• 98% reported having worried their food would run out before they had money to buy more. 
  • 97% reported the food they bought just did not last, and they did not have money to get more. 
  • 96% reported they could not afford to eat balanced meals. 
  • 96% reported an adult had cut the size of meals or skipped meals because there was not enough money for food; 87% reported this had occurred in three or more months. 
  • 95% reported they had eaten less than they felt they should because there was not enough money for food. .
  • 65% reported they had been hungry but did not eat because they could not afford enough food. 
  • 46% reported having lost weight because they did not have enough money for food. 
  • 29% reported an adult did not eat for a whole day because there was not enough money for food; 22% reported this had occurred in three or more months. 

Additional Hunger and Poverty Statistics:  

 Serving All Without Discrimination

In providing its hunger relief programs and services, The Salvation Army is committed to accommodating all those in need without unlawful discrimination or harassment based on age, race, color, religion, sex, national origin, marital status, disability, citizenship, sexual orientation, gender identity, gender expression, or any other characteristic in accordance with our capacity to help.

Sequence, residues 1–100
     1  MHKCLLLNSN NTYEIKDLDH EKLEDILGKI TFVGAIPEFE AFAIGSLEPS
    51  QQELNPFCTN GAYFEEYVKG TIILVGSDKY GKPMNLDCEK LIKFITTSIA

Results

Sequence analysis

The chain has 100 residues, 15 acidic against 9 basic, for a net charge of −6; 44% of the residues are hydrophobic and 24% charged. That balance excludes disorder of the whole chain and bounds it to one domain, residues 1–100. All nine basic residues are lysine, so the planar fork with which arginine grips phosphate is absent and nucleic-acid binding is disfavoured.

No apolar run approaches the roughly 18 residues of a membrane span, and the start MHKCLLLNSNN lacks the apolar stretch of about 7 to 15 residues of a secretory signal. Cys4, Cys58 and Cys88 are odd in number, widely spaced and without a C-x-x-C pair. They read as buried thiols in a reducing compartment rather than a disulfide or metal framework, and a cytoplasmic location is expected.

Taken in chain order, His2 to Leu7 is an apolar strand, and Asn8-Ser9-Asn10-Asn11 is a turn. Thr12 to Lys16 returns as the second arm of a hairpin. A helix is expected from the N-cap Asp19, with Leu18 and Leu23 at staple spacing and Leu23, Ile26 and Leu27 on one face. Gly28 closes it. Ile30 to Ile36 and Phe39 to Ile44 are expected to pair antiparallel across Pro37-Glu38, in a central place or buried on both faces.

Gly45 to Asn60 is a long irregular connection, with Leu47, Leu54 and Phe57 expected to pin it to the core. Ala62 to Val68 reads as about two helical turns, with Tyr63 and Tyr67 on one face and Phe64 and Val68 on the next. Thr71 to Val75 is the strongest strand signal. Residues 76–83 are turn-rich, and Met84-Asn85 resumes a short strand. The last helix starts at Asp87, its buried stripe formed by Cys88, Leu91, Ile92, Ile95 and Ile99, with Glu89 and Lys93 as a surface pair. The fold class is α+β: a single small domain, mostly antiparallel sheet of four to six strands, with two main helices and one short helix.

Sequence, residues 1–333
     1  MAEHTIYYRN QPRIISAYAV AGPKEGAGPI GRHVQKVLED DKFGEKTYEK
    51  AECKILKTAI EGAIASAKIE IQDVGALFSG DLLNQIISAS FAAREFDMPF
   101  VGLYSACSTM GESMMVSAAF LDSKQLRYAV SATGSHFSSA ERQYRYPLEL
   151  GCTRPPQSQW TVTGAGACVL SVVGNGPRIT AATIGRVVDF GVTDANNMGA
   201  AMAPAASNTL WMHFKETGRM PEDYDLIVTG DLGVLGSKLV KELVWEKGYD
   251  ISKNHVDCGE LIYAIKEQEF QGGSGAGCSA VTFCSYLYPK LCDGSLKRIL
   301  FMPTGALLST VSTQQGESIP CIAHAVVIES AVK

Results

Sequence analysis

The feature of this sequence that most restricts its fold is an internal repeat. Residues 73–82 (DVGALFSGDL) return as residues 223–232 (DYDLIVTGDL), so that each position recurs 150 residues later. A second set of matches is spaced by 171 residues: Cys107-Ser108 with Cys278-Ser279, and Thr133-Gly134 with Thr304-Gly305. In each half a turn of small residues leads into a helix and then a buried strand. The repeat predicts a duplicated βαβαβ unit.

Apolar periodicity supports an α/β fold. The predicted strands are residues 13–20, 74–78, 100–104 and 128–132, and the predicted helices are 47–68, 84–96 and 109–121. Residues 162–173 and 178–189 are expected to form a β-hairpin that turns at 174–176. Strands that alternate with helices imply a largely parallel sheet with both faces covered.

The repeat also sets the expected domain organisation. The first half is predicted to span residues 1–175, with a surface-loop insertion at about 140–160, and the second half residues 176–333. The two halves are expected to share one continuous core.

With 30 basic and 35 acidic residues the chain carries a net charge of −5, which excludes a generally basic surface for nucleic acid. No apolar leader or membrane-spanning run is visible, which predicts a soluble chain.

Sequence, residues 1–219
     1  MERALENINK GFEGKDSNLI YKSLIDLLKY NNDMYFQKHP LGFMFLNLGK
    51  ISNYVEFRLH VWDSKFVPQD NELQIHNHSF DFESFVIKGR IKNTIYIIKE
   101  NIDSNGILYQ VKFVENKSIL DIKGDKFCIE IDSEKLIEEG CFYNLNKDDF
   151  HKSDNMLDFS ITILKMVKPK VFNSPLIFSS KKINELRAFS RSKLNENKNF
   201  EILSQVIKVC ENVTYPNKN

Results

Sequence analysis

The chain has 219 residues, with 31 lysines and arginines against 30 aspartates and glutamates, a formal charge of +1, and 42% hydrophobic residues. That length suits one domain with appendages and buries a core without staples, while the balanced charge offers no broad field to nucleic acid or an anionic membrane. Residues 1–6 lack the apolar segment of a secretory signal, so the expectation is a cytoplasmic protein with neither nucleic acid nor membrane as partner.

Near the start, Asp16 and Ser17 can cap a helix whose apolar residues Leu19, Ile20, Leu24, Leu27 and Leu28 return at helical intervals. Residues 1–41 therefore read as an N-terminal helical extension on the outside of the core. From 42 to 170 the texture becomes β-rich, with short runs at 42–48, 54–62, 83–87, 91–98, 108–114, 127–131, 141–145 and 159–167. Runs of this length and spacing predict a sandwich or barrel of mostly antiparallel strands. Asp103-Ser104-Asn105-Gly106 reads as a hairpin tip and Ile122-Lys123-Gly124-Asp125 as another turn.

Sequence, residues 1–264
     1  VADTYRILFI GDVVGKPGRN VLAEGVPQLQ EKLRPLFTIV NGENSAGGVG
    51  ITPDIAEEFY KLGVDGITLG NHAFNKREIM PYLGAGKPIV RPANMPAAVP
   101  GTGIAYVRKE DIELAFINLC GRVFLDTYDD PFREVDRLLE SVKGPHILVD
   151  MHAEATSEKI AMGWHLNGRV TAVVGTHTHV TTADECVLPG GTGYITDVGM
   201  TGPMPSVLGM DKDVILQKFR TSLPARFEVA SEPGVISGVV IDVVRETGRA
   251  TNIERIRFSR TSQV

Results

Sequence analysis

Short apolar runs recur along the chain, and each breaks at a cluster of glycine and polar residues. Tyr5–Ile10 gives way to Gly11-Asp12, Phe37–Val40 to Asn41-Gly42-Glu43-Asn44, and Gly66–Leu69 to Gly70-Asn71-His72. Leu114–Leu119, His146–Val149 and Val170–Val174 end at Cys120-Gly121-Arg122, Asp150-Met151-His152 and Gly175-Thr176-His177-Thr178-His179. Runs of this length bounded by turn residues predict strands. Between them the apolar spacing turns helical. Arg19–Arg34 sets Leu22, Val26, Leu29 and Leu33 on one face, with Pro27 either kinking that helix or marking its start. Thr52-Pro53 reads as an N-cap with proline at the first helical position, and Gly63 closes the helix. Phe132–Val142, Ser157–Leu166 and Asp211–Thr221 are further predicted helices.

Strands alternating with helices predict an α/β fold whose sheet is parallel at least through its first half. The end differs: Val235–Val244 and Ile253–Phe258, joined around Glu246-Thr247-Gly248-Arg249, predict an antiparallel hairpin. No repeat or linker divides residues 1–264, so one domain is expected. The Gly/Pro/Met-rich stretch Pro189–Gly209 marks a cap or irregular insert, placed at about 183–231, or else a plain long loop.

About The Salvation Army’s Food Pantries

The Salvation Army is dedicated to eliminating food insecurity by serving anyone in need. By providing hunger relief programs and services, The Salvation Army is committed to accommodating all those in need without unlawful discrimination or harassment based on age, race, color, religion, sex, national origin, marital status, disability, citizenship, sexual orientation, gender identity, gender expression, or any other characteristic in accordance with our capacity to help.

Depending on the location, there may be certain eligibility requirements to receive assistance. Please contact your nearest location to see if you need to bring any of the following documents:

  • Proof of residency and Social Security card or photo ID (including state driver’s license or state ID, United States military identification card, United States citizenship certificate, United States passport, work permit, green card, immigrant/non-immigrant visa, and passport from another country).